11. I usually hunt deer by myself so one safety factor I add is letting someone (my wife) know where I'll be, what stand I'll be hunting (have even drawn her maps) and about when I'll be back.

    2nd factor...cell phone, it's off when I'm hunting, but damned if I'd go in the woods without it anymore, this is a biggie that's saved me in the past.
  12. I Purchased A Hunters Safety System A Couple Seasons Ago And Love It, It Or Something Similar Is Highly Recomended. Because It Is Sewed Into The Vest Putting It On Is Simple, Only Drawback Is That Is A Little Warm In Early Season.

    I Modifiyed It, Exchanging The Included Tree Strap With A Loop And Prussic Knot. This Allows Me To Easily Move It Up The Tree With Me As I Assend Or Decend. Also Clear The Ground Below You Of Logs, Upturned Sapplings Or Other Items That Could Impale You If You Did Fall On Them.

    Take The Time To Do It Right, Spend The Extra Money On Good Equipment, Your Family, Friends, And Employer, Will Be Glad Yo Did.
  13. Like most guys, "I know what's safe" and what's not safe... the problem is we don't always do what we know is right.

    I've always said that I never climb the ladder without both hands free. Well, that is until the day that just seems perfect and you know it's going to produce so you don't want to "waste" a couple minutes tieing your bow onto the haul line. Combine that 1 time with the inexperience to sink your ladder stand into the ground and YOU WILL get thrown 12' to the ground as the stand torques around the tree! :dizzy:

    (1) NEVER climb with something in your hands. It doesn't matter if you use a ladder, a tree stick, screw-in steps, etc.

    (2) If you use a ladder stand, sink it into the ground up to the first step. If you don't, the ground can get soft from rain and the like, and big winds will blow swaying the tree, and the connection (even a chain with a turnbuckle) will loosen up. Then, when your head gets to the 16' platform and the stand begins to spin around the tree... oh yeah, did I mention this is complicated by the 1 time you happen to decide to carry your bow up the ladder... you will be thrown to the ground... which is typically hard and has fallen sticks, limbs, thorn bushes, etc lying around.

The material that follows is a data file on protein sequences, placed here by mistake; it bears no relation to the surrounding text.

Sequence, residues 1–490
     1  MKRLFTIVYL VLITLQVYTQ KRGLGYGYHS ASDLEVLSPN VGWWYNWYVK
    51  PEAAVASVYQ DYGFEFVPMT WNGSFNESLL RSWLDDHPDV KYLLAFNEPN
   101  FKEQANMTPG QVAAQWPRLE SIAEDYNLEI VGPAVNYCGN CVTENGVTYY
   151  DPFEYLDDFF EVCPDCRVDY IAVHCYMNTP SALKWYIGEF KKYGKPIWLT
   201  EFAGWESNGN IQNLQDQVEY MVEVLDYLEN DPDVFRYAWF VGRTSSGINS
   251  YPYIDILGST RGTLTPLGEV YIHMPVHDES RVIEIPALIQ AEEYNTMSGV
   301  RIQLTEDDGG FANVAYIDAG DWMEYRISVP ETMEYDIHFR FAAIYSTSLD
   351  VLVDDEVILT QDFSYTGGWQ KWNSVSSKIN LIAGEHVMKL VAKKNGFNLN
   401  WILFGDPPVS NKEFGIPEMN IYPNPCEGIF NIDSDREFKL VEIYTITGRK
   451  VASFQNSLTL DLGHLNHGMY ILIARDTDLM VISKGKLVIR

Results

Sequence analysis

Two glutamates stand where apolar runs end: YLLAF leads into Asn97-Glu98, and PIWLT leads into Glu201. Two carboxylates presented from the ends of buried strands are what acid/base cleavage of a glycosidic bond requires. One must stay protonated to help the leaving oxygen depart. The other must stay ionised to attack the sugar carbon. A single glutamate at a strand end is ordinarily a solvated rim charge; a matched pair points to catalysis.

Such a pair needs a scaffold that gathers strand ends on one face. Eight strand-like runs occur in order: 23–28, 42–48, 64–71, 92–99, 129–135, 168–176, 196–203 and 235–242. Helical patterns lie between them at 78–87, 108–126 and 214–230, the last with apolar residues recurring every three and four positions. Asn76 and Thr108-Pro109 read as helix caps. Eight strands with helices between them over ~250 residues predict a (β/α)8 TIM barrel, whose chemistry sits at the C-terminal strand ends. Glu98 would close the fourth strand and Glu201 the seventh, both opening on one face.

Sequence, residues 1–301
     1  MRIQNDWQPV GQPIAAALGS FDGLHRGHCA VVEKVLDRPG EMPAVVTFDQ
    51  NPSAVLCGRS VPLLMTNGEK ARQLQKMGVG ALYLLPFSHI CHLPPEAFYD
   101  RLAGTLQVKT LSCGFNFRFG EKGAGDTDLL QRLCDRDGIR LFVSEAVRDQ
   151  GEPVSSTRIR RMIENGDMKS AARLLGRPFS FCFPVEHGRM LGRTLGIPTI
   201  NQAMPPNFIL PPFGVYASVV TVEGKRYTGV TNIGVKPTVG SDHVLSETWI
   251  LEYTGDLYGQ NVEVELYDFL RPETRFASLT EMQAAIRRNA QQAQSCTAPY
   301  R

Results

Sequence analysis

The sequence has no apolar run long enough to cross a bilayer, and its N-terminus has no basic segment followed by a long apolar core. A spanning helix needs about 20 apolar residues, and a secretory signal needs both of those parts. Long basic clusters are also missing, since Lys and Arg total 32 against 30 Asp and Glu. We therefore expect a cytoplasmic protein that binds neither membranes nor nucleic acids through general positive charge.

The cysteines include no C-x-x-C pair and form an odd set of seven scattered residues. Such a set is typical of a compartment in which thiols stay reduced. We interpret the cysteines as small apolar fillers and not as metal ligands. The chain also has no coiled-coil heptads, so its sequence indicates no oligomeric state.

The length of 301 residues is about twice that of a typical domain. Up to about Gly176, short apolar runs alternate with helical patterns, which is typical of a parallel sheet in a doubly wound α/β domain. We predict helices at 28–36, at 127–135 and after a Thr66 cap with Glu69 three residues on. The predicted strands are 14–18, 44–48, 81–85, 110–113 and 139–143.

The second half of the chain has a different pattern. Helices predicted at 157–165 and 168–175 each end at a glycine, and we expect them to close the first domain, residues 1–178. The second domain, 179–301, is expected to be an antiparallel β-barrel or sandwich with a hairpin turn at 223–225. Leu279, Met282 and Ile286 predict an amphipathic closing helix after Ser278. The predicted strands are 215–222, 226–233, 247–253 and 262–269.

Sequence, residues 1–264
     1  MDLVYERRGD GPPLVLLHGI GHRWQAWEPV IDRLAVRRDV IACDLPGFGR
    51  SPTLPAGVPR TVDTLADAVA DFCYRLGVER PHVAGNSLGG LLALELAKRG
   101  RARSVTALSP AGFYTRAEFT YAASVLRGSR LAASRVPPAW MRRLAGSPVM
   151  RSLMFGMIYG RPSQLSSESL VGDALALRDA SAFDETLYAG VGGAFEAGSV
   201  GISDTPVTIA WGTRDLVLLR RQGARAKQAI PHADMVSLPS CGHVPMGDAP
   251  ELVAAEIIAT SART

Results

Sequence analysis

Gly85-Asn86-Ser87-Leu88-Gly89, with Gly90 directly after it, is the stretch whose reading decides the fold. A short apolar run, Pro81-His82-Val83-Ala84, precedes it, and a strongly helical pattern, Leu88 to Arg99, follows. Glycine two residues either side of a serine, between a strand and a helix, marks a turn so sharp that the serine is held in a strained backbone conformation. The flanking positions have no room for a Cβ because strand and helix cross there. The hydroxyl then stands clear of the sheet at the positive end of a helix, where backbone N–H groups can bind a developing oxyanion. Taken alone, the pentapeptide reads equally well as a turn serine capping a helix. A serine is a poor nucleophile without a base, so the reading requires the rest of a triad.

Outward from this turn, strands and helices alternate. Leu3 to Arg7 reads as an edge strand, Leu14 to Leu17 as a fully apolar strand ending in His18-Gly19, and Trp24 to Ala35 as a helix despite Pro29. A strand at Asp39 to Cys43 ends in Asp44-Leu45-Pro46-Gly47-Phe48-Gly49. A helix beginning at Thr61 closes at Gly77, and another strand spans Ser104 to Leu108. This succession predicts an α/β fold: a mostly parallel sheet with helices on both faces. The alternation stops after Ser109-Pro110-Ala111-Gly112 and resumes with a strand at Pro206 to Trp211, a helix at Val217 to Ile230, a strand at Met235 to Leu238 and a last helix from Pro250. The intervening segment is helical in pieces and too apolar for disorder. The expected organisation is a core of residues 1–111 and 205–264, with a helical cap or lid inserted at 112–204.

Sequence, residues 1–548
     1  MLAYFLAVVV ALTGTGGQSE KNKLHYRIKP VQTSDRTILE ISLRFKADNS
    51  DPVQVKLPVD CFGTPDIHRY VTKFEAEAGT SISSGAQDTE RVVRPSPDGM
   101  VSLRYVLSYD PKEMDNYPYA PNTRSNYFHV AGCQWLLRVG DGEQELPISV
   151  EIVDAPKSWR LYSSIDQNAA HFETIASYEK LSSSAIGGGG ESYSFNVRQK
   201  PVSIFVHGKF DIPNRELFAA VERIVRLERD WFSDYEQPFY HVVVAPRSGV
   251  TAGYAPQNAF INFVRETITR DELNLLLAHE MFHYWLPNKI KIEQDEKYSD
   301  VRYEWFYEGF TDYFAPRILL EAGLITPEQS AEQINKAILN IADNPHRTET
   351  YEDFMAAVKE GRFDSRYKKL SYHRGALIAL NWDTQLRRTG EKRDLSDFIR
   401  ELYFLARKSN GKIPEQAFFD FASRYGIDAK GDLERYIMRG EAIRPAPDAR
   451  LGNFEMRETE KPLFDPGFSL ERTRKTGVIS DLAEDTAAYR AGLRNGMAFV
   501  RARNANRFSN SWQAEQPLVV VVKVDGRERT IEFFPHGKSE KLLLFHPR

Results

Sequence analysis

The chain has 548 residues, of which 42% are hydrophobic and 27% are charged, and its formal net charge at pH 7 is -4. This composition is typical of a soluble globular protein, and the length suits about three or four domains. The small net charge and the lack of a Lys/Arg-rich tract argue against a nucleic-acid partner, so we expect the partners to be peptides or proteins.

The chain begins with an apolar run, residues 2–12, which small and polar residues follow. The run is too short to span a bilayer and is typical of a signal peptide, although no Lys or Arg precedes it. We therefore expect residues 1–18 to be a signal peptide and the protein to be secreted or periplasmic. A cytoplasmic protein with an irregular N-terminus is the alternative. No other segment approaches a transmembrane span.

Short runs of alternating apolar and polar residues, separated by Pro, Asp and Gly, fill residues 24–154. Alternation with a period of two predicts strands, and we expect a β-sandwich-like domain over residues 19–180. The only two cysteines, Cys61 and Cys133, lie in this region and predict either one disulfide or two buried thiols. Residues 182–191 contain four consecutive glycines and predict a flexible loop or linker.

(3) Realize that keeping your hunting knife on your back hip probably is not essential. A backpak or fannypak is a better place. Hopefully, you don't have to fall 12' to realize the knife could have gone into your back.

    ... and thankfully when I fell I came out alright... and maybe a little smarter.
  14. Fall Guy?????

    I'm not opposed to using mountain climbing gear, but just how high do they expect you to go in that daggum tree??? I mean come on....

    As far as what safety harnass I use... I make my own. Fallguy seems like the wrong name for a fall restraint I call mine the "Don't fall and break your melon/back/arms/legs" restraint system. Don't you agree that this gets the point acrossed to the consumer a little better than the "Fall Guy"??? That's like some weird oxymoronish, something.
  15. safety belts/harnesses save lives and injuries, plain and simple. Just like a helmet on a motorcycle. funny you have to wear a seat belt in your car, but not a helmet on a motorcycle, never could understand that one

    I had an ex hunting partner tell me that saftey harnesses are more dangerous , he said even if he fell from a 20 foot stand the soft dirt would cushin his landing. I told him it isn't the soft dirt i am worried about, it is the saplings, fence post, tree limbs and climbing steps I am worried about. he just laughed at me and said I was stupid. I sure hope I don't read about him one day in the paper.